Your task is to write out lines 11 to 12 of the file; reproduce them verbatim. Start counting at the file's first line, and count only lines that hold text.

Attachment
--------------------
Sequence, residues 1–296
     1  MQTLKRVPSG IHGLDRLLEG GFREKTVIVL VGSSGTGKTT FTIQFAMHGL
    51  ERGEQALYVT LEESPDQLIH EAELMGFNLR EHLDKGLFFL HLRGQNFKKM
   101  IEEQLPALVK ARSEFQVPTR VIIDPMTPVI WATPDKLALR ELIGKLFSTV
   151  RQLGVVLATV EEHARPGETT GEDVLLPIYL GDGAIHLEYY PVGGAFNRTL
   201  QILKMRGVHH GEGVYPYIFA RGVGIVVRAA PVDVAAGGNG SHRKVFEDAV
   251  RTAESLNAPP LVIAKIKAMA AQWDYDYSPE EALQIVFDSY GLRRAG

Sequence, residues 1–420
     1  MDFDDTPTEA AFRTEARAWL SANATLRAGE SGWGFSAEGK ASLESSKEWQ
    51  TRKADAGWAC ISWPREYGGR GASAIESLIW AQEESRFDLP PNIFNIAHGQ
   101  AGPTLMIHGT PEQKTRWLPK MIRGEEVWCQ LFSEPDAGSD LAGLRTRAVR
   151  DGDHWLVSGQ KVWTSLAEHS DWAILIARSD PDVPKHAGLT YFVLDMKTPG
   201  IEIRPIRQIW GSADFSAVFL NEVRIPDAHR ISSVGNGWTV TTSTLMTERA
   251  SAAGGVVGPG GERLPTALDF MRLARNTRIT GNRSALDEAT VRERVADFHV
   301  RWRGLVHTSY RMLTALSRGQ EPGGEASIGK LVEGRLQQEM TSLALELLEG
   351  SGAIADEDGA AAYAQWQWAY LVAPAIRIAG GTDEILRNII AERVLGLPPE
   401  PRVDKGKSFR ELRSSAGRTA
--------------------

   101  AGPTLMIHGT PEQKTRWLPK MIRGEEVWCQ LFSEPDAGSD LAGLRTRAVR
   151  DGDHWLVSGQ KVWTSLAEHS DWAILIARSD PDVPKHAGLT YFVLDMKTPG